|Coordinatore||FONDATION EUROPEENNE DE LA SCIENCE
address: QUAI LEZAY MARNESIA 1
|Nazionalità Coordinatore||France [FR]|
|Totale costo||565˙903 €|
|EC contributo||495˙382 €|
Specific Programme "Cooperation": Space
|Anno di inizio||2013|
|Periodo (anno-mese-giorno)||2013-03-01 - 2014-08-31|
FONDATION EUROPEENNE DE LA SCIENCE
address: QUAI LEZAY MARNESIA 1
|FR (STRASBOURG CEDEX)||coordinator||117˙209.61|
NATIONAL NUCLEAR LABORATORY LIMITED
address: Daresbury Park - Daresbury 1100
State Scientific Centre of Russian Federation-Federal State Unitary Enterprise Keldysh Research Center
address: ONEZHSKAYA ULICA 8
DEUTSCHES ZENTRUM FUER LUFT - UND RAUMFAHRT EV
address: Linder Hoehe
CENTRE NATIONAL D'ETUDES SPATIALES - CNES
address: Place Maurice Quentin 2
THALES ALENIA SPACE ITALIA SPA
address: Via Saccomuro 24
Esplora la "nuvola delle parole (Word Cloud) per avere un'idea di massima del progetto.
'Space exploration is one of Europe’s priorities. Nuclear propulsion and power sources are “…essential and enabling key assets for a significant number of exploration missions…” (2005 European WG report on Nuclear Power Sources for Space) and can thus be considered as key technologies for deep-space exploration in Europe, Russia, and the USA. On the other hand, this technological development requires important financial efforts. Such a development should thus take place in the frame of an international collaboration as this has been the case, e.g. for the International Space Station. Among concepts that allow going to Mars are the very high power chemical propulsion or the nuclear propulsion. Megawatt level Nuclear-Electrical Propulsion is more interesting than chemical propulsion (higher payload ratio, cheaper in the long term, reduced launch mass and number of launchers, faster transit). Robotic science missions to the outer solar system could be used as test-beds and would benefit from this technology (faster missions or heavier payload), as well as surface power sources for In-Situ Resource Utilization and life support. The aim is to develop a European roadmap enabling such a program, taking advantage of each international partner's specific skills. The role of every partner will be based on its technical and economical capabilities, ambitions, interests and national policy. The objective is to set up an international network and adequate coordination means with future potential partners, leading to the establishment of a common roadmap involving all identified stakeholders, that will be driven by technological choices to suit long term objectives for space exploration. It will define common research objectives, draw-up research agenda and initiate research alliances. This project will help Europe invest in the research areas for which funding support will be particularly effective to ensure a key role for Europe in space exploration.'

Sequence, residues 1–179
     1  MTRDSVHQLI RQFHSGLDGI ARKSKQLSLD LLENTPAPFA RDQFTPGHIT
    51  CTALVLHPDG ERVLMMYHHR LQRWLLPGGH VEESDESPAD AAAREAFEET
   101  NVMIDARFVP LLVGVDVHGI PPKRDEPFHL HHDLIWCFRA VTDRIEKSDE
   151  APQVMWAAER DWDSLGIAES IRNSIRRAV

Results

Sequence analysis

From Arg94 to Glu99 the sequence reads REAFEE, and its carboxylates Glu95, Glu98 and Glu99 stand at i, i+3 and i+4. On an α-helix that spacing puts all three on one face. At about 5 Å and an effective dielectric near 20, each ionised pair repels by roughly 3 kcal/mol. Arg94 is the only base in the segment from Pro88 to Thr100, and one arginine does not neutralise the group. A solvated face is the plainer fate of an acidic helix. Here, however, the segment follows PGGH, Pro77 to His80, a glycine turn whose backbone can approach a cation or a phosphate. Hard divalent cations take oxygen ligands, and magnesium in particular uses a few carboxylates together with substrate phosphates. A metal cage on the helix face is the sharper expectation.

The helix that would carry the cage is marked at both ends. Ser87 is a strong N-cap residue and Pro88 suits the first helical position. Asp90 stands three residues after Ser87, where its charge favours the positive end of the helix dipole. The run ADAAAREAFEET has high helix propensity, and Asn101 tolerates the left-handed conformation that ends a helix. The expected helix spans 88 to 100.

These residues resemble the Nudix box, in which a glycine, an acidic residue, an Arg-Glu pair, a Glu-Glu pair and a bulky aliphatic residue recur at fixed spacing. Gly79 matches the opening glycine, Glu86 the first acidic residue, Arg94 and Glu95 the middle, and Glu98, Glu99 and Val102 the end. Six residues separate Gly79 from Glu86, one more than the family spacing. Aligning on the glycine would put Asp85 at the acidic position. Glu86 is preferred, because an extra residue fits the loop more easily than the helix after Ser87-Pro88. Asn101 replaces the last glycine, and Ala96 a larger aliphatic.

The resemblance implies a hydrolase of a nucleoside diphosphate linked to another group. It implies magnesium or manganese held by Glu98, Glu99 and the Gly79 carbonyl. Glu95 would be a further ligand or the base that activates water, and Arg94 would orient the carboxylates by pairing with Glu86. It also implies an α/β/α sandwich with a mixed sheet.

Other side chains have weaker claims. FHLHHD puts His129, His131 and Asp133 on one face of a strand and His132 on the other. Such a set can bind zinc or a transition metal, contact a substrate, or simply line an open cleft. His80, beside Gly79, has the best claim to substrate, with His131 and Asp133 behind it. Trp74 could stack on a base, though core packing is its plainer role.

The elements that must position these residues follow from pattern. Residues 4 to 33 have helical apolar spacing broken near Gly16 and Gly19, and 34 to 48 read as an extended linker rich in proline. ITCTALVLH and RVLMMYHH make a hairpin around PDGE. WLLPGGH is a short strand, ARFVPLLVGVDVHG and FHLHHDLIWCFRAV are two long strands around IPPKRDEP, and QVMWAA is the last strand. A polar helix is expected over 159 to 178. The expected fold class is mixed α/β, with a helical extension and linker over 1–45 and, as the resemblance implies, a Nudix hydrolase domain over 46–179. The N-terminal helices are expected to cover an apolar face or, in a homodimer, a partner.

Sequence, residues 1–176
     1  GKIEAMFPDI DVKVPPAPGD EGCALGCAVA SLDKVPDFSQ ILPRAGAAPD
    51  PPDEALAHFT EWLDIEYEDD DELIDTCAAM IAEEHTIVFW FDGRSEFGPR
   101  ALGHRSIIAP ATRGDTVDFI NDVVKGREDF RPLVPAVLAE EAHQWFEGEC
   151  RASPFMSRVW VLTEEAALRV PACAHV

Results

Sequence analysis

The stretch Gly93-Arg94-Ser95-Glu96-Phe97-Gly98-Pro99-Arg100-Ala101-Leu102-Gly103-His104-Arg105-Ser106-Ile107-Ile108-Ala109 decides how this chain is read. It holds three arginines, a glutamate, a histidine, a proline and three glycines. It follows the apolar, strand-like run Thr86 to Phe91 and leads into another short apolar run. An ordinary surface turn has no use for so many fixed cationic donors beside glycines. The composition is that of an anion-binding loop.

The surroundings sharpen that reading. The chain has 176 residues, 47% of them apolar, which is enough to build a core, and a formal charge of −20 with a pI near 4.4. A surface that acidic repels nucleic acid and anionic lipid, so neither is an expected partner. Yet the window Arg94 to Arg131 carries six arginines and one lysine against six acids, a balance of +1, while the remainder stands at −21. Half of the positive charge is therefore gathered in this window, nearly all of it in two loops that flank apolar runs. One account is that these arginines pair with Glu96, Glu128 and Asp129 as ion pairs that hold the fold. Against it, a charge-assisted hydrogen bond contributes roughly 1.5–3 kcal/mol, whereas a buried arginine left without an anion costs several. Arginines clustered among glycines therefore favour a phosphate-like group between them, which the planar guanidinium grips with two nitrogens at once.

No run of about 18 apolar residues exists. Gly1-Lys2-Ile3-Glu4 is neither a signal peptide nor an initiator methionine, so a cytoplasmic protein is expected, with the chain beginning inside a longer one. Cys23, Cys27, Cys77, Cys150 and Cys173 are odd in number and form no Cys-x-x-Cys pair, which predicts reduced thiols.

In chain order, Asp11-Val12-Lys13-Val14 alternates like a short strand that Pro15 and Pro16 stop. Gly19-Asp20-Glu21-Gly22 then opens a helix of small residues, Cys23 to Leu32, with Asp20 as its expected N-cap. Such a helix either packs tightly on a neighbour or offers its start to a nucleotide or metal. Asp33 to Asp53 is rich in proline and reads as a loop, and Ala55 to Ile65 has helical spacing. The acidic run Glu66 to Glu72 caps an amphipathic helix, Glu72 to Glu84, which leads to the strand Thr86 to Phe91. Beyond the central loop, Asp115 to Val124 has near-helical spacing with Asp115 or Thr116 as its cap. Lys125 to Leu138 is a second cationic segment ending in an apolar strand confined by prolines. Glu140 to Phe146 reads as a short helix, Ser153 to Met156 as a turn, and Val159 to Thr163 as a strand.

Since the Treaty of Lisbon was signed in 2007, the EU has the mandate to coordinate space activities in Europe. As the EU works towards this goal, researchers investigated the development of nuclear electric in-space propulsion systems that can go beyond the capabilities of conventional spacecraft.
Electric thrusters use electromagnetic radiation to heat up and ionise gas such as xenon or hydrogen. A magnetic nozzle directs the produced superheated plasma out the back, creating thrust. A nuclear electric spacecraft, with a nuclear core producing ~5-10MW of power, would be able to deliver either heavy cargo or astronauts to Mars orbit and back in a relatively short time and in a flexible way (trajectory wise).
Serious work on the concept of nuclear-powered spacecraft began in France and the United Kingdom in the 1980s. But, the former Soviet Union had launched multiple fission reactors between 1965 and 1987. The MEGAHIT (Megawatt Highly Efficient Technologies for Space Power and Propulsion Systems for Long-duration Exploration Missions) project had, therefore, as its second objective to create a European community including Russia to power a manned Mars mission and sample return from giant planets.
Building a roadmap for the development of such in-space propulsion systems was the first objective of the project MEGAHIT. A nuclear reactor as a power source is not a new concept in space, but Europe has not flown a nuclear-powered spacecraft to date.
The consortium formalised a technology plan for the development of such a nuclear-powered spacecraft. Together with the roadmap for low- and medium-power systems prepared within the project http://www.dipop.eu/ (DIPOP), MEGAHIT's International Nuclear Power and Propulsion System (INPPS) roadmap offers a pathway to advance Europe's current capabilities.
Potential collaboration opportunities with space-faring nations were explored. It is a long-range technology development activity, but part of Europe's mission architecture for deep-space exploration is to use nuclear powered spacecraft. Follow-on projects from the MEGAHIT project are expected to generate specific initiatives in robotic exploration of our solar system and human spaceflight.
The EU H2020 project http://www.h2020-democritos.eu (DEMOCRITOS) is following up on several of the highlighted technology demonstrators of the MEGAHIT INPPS technology roadmap.